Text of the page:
Have you been following all the commotion surrounding the hardware wallet provider Ledger in the last 48 hours? If so, you might have some questions: Why? What? How? And then what? Let me give you a summary so that you can make an informed decision about whether to continue trusting Ledger or abandon them altogether.
Ledger, the Paris-based provider of crypto hardware wallets, recently introduced a new service called Ledger Recover. This optional feature aims to address a long-standing issue in the hardware wallet space: the potential loss of seed phrases.
As you may know, a seed phrase is an important key to restore a wallet. Traditionally, users are instructed to write down this phrase and keep it in a secure place. But what if it gets lost? This is where Ledger Recover comes into play, offering a seed phrase recovery service for $9.99 per month.
Here's how it works: Ledger Recover encrypts a user's private key and splits it into three fragments using Shamir's Secret Sharing. These encrypted fragments are then stored on three different parties' hardware security modules. This process takes place on the user's device's secure element, ensuring that the secret recovery phrase is not compromised.
However, Ledger's solution has sparked significant debate within the crypto community:
- Some critics argue that the requirement for Ledger Recover customers to provide a government-issued ID could potentially violate core crypto principles surrounding privacy.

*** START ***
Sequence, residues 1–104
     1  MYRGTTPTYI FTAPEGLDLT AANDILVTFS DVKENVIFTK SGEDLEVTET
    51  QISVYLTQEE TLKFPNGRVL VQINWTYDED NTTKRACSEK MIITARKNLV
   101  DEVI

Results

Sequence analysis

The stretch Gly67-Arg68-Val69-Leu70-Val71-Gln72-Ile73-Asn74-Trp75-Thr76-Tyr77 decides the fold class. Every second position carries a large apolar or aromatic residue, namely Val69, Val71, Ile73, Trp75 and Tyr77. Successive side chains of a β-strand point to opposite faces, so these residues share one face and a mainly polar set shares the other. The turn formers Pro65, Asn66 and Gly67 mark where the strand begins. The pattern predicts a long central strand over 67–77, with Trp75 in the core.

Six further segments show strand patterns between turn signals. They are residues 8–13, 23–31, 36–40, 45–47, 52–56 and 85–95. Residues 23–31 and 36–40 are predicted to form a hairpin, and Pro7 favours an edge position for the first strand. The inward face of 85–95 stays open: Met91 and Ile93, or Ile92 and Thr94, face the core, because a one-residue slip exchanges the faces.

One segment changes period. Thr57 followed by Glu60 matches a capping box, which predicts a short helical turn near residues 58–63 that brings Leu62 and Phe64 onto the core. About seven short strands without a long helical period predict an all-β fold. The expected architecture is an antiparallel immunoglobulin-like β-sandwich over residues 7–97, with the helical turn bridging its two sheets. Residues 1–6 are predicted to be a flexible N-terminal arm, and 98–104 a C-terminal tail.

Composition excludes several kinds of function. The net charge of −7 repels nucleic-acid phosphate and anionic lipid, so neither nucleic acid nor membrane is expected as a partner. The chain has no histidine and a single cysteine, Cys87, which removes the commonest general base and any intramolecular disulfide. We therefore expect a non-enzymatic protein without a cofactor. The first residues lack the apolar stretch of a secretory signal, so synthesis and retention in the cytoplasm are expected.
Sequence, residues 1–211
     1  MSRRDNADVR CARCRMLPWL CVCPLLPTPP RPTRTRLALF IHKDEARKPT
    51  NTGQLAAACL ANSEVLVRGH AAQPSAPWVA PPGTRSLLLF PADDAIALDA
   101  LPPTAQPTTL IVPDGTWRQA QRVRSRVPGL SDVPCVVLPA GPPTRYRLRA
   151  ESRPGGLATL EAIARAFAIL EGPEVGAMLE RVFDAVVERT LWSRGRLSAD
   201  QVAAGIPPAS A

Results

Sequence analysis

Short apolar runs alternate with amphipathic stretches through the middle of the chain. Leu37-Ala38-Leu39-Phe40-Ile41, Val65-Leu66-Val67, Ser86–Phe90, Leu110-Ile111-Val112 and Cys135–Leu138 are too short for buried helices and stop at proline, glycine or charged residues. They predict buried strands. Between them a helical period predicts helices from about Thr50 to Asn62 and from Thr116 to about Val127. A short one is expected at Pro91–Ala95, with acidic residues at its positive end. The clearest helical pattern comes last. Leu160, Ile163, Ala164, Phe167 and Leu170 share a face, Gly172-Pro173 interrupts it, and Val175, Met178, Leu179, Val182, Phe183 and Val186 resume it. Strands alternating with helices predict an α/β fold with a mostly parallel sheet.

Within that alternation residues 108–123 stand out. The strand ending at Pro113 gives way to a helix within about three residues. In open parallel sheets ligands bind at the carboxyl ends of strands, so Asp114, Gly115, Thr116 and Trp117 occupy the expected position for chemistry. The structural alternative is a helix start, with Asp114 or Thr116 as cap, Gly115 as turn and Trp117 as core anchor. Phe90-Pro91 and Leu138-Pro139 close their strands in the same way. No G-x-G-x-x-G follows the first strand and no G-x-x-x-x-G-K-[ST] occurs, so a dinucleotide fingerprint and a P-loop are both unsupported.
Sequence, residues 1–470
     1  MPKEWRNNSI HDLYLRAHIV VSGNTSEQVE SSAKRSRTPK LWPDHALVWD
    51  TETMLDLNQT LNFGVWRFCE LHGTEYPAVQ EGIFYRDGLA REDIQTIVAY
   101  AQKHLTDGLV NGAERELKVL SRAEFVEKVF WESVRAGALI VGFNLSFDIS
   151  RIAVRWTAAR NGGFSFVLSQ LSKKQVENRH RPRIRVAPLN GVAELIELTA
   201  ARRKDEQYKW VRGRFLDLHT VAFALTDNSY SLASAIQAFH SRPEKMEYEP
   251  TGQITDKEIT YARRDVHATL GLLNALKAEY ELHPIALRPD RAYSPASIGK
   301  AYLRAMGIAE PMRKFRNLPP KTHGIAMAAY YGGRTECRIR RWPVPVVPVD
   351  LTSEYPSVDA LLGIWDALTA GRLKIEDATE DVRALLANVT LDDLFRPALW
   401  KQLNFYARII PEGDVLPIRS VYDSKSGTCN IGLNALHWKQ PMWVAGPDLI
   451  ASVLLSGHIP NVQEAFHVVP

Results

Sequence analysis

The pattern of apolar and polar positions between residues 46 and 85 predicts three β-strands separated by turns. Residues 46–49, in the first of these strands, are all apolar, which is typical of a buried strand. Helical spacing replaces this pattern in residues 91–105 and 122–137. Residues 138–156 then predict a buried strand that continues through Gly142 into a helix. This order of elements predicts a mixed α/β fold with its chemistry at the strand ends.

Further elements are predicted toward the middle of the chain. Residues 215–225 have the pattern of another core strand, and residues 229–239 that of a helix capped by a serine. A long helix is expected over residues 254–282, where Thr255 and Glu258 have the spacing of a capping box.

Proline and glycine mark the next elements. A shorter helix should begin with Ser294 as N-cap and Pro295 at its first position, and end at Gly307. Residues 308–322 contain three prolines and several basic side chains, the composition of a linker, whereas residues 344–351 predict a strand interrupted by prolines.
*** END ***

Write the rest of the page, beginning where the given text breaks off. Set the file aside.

- Critics also point to Ledger's previous data breach and express concerns about the possibility of a similar incident with this new feature.
- Most importantly, people worry that if the seed phrase can be voluntarily exported, it could also be involuntarily exported...an absolutely critical question that Ledger had previously stated should not be possible.
It's important to note that this should only affect the newer models of Ledger Nano S Plus and Ledger Nano X. If, like me, you are using older models such as Ledger Nano S, this is absolutely not possible as of today's understanding.
Despite the outcry, Ledger emphasizes that Ledger Recover is secure and highlights that this service is entirely optional and not automatically enabled through any firmware updates. They also stress that the company does not have access to the user's secret recovery phrase, which is securely generated on the user's device. They have also promised to make this part of the code open source to reassure customers.
For a more detailed understanding, I recommend reading the official posts from Ledger explaining the Ledger Recover service.
We hope this helps you make an informed decision. And, of course, as with anything in the cryptocurrency space, it's important for you to conduct your own research and not make investment decisions based on rumors or panic.
What are your thoughts on this? Do you still trust Ledger? WE DON'T. That's why we no longer recommend Ledger to our customers, even though we were looking forward to their latest product, Ledger Stax. We have now canceled our orders for it.